I don't want to appear to be overly critical here. The suggestions I made are very small adjustments to make the phrases sound more natural and I don't want to give the impression that I am painstakingly dissecting your use of English. Your English is remarkably good, and the better it becomes, the finer the points of adjustment become. That is the case here.
Far from me the idea of arguing with native speakers, but the difference must be so small that Collins couldn't see it either:
«11 - You can use say or let's say when you mention something as an example.
To see the problem here more clearly, let's look at a different biological system, say, an acorn...»
In general, yes, you can use either. What Collins doesn't address is when one has a better flow, sound, than the other.
Also, I am a bit confused as to "in the far Glasgow" versus "in far off Glasgow". According to the WordReference dictionary, "far off" is an adverb, not an adjective:
You are correct! I made a mistake in omitting the hyphen from the phrase; it should have read 'far-off', which is an adjective.http://www.collinsdictionary.com/dictio ... sh/far-off
So, yesterday, before posting my message, having no other chance to know if "in the far Glasgow" was correct, I googled (with Advanced Search):
in the far "in the far"
and I found 1,050,000,000 results. For example:
«Play Nicole Adventures in the Far East and other flash games...»
«They were in the far South on a regular visit to buy fruit...»
«But Sevilla have huge misses and likelihood think about draw in the far Moscow...»
Examples 1 & 2 are accepted usage and are covered by the Wikipedia extract noted below*.
Example 3 is incomprehensible and looks like some sort of machine translation. If that was written by an English speaker, I'll eat my hat!
Results taken from Google can be misleading since they record only the level of occurrence not the validity of a phrase. However, let's take it as a measure of frequency and carry out a search for "in the far Glasgow.". The search returns zero instances of that phrase and you can try it with any city you choose and the result will be zero or incredibly low.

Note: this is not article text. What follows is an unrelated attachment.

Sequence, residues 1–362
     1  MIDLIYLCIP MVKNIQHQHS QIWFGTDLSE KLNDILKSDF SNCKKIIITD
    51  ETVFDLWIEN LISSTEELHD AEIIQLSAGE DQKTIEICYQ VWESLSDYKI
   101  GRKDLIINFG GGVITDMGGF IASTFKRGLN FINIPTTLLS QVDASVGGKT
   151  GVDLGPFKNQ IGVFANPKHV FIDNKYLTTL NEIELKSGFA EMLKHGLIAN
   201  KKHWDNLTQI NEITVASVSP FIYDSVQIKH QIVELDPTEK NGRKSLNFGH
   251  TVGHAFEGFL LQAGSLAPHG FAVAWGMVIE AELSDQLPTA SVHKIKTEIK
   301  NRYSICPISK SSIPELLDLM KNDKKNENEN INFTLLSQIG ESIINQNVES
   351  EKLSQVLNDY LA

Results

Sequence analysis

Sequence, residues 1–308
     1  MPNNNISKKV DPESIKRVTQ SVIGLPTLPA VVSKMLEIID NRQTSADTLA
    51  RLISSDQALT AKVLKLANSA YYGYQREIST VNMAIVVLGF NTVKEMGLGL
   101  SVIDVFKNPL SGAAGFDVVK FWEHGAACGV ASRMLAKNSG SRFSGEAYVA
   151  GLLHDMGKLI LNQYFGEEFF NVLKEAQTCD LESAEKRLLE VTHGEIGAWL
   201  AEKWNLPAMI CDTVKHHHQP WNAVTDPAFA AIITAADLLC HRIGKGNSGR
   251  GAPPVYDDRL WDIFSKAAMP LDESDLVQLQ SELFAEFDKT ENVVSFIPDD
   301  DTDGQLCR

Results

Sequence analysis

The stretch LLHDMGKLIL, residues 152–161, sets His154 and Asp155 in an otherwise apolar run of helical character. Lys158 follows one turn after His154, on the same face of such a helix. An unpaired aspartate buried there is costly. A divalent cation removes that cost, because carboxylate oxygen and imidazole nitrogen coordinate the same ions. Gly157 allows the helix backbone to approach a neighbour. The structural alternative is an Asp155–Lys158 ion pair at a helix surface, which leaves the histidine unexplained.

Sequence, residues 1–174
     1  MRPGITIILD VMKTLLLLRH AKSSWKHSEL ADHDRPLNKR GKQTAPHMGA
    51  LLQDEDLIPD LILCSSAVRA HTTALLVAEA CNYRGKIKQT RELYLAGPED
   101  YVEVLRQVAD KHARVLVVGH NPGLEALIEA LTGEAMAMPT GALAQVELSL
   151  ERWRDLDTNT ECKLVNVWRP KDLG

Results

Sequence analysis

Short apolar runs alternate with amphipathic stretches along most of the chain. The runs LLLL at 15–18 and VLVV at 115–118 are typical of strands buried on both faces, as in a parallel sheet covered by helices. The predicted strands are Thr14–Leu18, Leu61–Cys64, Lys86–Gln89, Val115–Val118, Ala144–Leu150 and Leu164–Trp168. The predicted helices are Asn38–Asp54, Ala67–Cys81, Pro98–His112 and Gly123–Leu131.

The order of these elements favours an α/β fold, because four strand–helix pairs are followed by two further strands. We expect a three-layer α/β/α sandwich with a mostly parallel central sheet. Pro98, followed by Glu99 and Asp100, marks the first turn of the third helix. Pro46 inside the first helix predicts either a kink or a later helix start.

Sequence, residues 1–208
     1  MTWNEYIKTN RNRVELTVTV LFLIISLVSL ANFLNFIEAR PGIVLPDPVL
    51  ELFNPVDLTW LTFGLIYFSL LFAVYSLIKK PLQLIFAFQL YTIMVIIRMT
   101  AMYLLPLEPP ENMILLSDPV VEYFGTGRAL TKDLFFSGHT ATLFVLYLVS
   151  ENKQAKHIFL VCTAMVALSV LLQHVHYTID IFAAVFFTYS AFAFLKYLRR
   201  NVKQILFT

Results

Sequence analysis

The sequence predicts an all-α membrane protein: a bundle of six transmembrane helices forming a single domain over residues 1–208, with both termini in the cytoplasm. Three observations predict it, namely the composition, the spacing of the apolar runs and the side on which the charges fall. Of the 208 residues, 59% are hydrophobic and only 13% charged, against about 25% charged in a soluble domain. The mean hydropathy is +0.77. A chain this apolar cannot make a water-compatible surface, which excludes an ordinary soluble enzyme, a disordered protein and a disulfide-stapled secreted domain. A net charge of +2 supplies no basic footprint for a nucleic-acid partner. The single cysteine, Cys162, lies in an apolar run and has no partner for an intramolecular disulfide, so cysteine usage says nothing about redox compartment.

In your original sentence, and correct me if I'm wrong, you were trying to convey the idea that Florentine speaking habits were now known as far away as Glasgow.
That sense can be rendered by using any of the following:
# distant Glasgow
# far-off Glasgow
# far away Glasgow
I've never heard an English speaker use the construction "the far Glasgow.".
Time permitting, I always search the net for parts of my sentences, just to check out if they are at least minimally comprehensible. For example, as to "one more way" vs. "one way more", couldn't it be that "one more way" translates to "un altro modo" and "one way more" is instead for "un modo ancora"? I don't know it, I'm just asking. Both these constructions have a lot of occurrences on Google. E.g., see "one more kiss" vs. "one kiss more", although the former is more common.
As you have noted, the former is the more commonly found usage. If you look at the results for the latter you'll see that they are all related to song lyrics where poetic licence has been used to make the phrase rhyme with another line.
Calum* Extract from Wikipedia 'English Articles'
An area in which the use or non-use of the is sometimes problematic is with geographic names. Names of rivers, seas, mountain ranges, deserts, island groups and the like are generally used with the definite article (the Rhine, the North Sea, the Alps, the Sahara, the Hebrides). Names of continents, islands, countries, regions, administrative units, cities and towns mostly do not take the article (Europe, Skye, Germany, Scandinavia, Yorkshire, Madrid). However there are certain exceptions:http://en.wikipedia.org/wiki/English_articles
Countries and regions whose names are modified common nouns, or are derived from island groups, take the article: the United States, the United Kingdom, the Soviet Union, the Czech Republic, the Middle East, the Philippines, the Seychelles. Note also the Netherlands.
Certain countries whose names derive from mountain ranges, rivers, deserts, etc. are sometimes used with an article (the Lebanon, the Sudan), but this usage is declining, although the Gambia is the recommended name of that country. Since the independence of Ukraine (formerly generally called the Ukraine), most style guides have advised dropping the article (in some other languages there is a similar issue involving prepositions). Use of the Argentine for Argentina is now old-fashioned.
Some names include an article for historical reasons, such as The Bronx and The Hague.
Names beginning with a common noun followed by of take the article, as in the Isle of Wight (compare Christmas Island). The same applies to names of institutions: Cambridge University, but the University of Cambridge.